Four Mountainfilm Filmmakers Share How They Found Their Stories

Ian McCluskey, is joined by Paul and Kate Kuthe in a search for three French kayakers who had traveled here in 1938. The three spend a month paddling the Green and Colorado Rivers filming their expedition and their search for clues to the lost story, and to have a similar experience in the wilderness of the American West; Photograph by Ian McCluskey
Ian McCluskey, is joined by Paul and Kate Kuthe in a search for three French kayakers who had traveled here in 1938. The three spend a month paddling the Green and Colorado Rivers filming their expedition and their search for clues to the lost story, and to have a similar experience in the wilderness of the American West; Photograph by Ian McCluskey

Started in 1979, Mountainfilm in Telluride, Colorado, is one of longest-running film festivals in the U.S. But, this weekend extravaganza, which happens May 22-25 this year, is much more than just a place to see groundbreaking films. It’s an inspiring, invigorating event where filmmakers, artists, and agents of change from across the globe come together to brainstorm, educate, and share experiences. “Dedicated to educating, inspiring and motivating audiences about issues that matter, cultures worth exploring, environments worth preserving, adventures worth pursuing and conversations worth sustaining,” Mountainfilm provides the chance to connect with an intense and inspiring community as you catch provocative environmental features, heart-thumping climbing adventures, thoughtful cultural portraits and stories that highlight the indomitable human spirit. As usual, this year’s line-up is impressive and features some films you’ve probably heard of including Meru, Valley Uprising, Jeff Lowe’s Metanoia, Restrepo, Drawn, and  Leave It As It Is. (See the full lineup of films.)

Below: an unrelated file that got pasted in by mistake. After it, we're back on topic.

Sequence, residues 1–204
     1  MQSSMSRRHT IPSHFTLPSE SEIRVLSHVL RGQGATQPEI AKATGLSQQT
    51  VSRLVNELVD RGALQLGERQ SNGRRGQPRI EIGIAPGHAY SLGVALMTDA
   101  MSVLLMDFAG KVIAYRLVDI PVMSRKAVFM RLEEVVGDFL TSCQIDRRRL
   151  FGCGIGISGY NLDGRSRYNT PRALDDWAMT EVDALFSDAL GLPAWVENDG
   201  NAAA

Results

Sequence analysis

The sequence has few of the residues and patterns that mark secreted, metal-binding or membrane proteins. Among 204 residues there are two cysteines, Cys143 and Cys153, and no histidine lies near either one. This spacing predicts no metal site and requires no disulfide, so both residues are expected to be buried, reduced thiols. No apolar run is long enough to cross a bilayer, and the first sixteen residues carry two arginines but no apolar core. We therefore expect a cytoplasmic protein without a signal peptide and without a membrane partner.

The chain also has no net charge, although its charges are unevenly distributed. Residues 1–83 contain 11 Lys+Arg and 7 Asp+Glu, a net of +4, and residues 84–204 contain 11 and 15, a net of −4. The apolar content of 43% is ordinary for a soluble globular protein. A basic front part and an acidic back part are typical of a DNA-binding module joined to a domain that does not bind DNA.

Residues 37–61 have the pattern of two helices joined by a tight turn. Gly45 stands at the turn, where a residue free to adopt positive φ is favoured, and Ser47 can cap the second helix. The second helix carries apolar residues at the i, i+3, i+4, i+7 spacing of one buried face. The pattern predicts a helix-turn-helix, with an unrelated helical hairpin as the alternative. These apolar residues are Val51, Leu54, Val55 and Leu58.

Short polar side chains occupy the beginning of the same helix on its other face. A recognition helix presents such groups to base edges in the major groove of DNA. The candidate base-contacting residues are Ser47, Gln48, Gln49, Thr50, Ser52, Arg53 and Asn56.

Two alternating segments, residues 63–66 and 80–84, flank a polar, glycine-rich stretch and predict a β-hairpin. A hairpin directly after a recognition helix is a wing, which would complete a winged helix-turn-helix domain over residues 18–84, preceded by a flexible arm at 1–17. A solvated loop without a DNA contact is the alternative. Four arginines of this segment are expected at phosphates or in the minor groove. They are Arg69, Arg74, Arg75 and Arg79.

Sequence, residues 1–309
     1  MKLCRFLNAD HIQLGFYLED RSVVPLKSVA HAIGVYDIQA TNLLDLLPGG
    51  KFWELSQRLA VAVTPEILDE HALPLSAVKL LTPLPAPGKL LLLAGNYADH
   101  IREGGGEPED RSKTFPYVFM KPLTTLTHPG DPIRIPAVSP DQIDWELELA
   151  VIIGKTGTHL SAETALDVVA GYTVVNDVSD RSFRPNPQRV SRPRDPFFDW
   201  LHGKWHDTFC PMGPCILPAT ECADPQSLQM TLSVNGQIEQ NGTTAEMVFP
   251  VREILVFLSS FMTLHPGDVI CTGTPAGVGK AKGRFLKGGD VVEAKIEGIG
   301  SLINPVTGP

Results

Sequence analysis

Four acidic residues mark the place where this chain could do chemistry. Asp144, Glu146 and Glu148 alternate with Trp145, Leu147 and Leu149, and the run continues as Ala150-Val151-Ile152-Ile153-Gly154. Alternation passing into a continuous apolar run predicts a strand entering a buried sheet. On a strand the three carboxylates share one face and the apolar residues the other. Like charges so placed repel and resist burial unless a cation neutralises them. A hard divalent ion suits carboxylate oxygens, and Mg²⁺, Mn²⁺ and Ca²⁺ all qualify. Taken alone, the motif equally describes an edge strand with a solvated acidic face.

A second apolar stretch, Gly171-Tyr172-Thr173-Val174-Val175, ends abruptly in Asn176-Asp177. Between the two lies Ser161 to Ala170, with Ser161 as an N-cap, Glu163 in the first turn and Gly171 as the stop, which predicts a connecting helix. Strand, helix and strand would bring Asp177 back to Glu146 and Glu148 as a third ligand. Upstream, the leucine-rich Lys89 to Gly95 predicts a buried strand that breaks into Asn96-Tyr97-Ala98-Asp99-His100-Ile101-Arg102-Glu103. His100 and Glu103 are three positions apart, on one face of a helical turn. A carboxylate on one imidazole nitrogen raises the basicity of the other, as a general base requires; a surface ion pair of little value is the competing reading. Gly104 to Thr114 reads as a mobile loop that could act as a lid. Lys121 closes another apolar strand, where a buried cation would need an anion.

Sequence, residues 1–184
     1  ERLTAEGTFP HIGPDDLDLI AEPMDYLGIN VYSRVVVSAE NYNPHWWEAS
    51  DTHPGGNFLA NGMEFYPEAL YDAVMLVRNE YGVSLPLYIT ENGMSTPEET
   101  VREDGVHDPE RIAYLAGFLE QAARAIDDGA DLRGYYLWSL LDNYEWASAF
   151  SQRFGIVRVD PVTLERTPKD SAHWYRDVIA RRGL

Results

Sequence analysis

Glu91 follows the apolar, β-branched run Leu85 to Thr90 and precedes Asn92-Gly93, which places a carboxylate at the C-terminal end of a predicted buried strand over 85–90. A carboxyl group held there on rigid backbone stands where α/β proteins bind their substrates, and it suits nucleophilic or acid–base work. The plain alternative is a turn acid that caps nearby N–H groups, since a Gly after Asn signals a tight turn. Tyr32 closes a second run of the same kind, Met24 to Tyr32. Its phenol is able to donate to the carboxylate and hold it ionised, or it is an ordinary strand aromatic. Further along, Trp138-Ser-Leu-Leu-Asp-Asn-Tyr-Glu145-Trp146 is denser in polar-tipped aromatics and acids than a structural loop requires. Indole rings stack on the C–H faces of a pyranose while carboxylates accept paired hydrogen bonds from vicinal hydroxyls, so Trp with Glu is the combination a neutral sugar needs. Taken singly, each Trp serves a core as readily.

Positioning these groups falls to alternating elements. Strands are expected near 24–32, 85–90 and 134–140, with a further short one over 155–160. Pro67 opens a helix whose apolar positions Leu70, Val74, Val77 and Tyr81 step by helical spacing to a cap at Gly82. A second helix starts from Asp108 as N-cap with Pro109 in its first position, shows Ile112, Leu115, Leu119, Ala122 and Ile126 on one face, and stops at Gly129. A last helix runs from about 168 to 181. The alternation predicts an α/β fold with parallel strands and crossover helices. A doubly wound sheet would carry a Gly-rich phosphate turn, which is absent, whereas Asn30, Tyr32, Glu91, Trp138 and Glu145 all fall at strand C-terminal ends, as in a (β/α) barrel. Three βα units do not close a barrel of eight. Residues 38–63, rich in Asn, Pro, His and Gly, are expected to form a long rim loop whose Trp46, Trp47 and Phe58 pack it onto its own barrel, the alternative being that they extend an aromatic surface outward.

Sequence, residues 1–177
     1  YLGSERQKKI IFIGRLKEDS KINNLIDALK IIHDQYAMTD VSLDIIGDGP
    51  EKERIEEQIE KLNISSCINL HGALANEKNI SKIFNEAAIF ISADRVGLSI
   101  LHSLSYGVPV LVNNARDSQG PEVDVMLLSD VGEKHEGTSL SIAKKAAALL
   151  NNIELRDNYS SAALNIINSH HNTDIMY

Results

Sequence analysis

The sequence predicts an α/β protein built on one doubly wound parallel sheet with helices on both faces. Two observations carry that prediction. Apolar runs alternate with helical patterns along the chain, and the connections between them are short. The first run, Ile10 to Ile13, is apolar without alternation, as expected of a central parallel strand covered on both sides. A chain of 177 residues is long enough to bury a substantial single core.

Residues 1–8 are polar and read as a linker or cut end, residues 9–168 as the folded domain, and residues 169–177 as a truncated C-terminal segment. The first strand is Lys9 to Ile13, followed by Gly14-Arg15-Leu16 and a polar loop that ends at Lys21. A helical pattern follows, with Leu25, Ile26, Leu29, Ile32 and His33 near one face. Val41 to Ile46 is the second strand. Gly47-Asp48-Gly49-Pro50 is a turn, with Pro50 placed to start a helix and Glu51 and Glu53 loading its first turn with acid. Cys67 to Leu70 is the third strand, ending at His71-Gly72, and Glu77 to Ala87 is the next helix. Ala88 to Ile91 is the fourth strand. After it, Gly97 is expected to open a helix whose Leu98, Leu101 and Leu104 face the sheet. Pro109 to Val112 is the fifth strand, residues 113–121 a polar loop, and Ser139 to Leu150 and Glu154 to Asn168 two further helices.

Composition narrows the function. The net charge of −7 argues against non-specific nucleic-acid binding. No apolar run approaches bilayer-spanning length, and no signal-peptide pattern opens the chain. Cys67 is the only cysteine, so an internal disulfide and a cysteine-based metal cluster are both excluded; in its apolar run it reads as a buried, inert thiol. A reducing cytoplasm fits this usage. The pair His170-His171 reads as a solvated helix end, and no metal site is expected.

Several films will premiere at the festival, too. We caught up with the directors of four films being screened for the very first time—Les Voyageurs Sans Trace, The Rider and the Wolf, Rinpoche Speaks, and Knee Deep—to learn how they found their stories.

Les Voyageurs Sans Trace, Ian McCluskey

“Les Voyageurs Sans Trace” Teaser Trailer from FrenchKayakFilm on Vimeo.

Give us a short film description in your own words.
Ian McCluskey: Three friends set off from Paris, travel across the U.S. to a remote riverbank in Wyoming. The year is 1938. They have a daring, even fool-hardy plan: be the first to take kayaks down the mighty Green and Colorado Rivers. The kayaks are fragile, just wood and canvas. One of the party is a woman, age 21. She is on her honeymoon, and she’ll be the first to paddle her own boat down these rivers that John Wesley Powell had made famous, but narrowly survived himself. No one has done a trip like this before. They have no idea what awaits them down river. They’ll record their journey with color film—before the first Hollywood color movie.

Seventy-five years later, three friends set off from the same Wyoming river bank. Their plan: travel nearly 1,000 river miles to retrace the journey of the French trio, searching for clues, and piecing together the lost story. Two are a couple, and the third is a filmmaker and absolute beginning kayaker. He has no idea what awaits him on the river, or what he’ll uncover in the search for the three adventurers who had called themselves, “The Voyagers Without Trace.”

How did the idea come about?